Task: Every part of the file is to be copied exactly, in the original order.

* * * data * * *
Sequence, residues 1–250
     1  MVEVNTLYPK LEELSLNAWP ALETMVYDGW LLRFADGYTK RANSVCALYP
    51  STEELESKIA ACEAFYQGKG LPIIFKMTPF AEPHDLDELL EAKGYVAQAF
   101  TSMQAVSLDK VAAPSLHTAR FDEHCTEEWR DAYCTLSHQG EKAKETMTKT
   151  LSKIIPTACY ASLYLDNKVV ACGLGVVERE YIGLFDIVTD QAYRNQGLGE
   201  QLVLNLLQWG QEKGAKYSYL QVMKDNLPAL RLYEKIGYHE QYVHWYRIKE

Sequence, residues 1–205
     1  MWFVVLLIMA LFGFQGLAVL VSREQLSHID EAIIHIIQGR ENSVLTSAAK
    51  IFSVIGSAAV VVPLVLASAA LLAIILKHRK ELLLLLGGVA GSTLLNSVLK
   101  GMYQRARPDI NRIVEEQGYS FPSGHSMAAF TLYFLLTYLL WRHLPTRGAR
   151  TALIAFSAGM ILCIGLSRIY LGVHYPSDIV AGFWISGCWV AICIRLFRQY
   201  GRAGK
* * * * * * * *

Sequence, residues 1–250
     1  MVEVNTLYPK LEELSLNAWP ALETMVYDGW LLRFADGYTK RANSVCALYP
    51  STEELESKIA ACEAFYQGKG LPIIFKMTPF AEPHDLDELL EAKGYVAQAF
   101  TSMQAVSLDK VAAPSLHTAR FDEHCTEEWR DAYCTLSHQG EKAKETMTKT
   151  LSKIIPTACY ASLYLDNKVV ACGLGVVERE YIGLFDIVTD QAYRNQGLGE
   201  QLVLNLLQWG QEKGAKYSYL QVMKDNLPAL RLYEKIGYHE QYVHWYRIKE

Sequence, residues 1–205
     1  MWFVVLLIMA LFGFQGLAVL VSREQLSHID EAIIHIIQGR ENSVLTSAAK
    51  IFSVIGSAAV VVPLVLASAA LLAIILKHRK ELLLLLGGVA GSTLLNSVLK
   101  GMYQRARPDI NRIVEEQGYS FPSGHSMAAF TLYFLLTYLL WRHLPTRGAR
   151  TALIAFSAGM ILCIGLSRIY LGVHYPSDIV AGFWISGCWV AICIRLFRQY
   201  GRAGK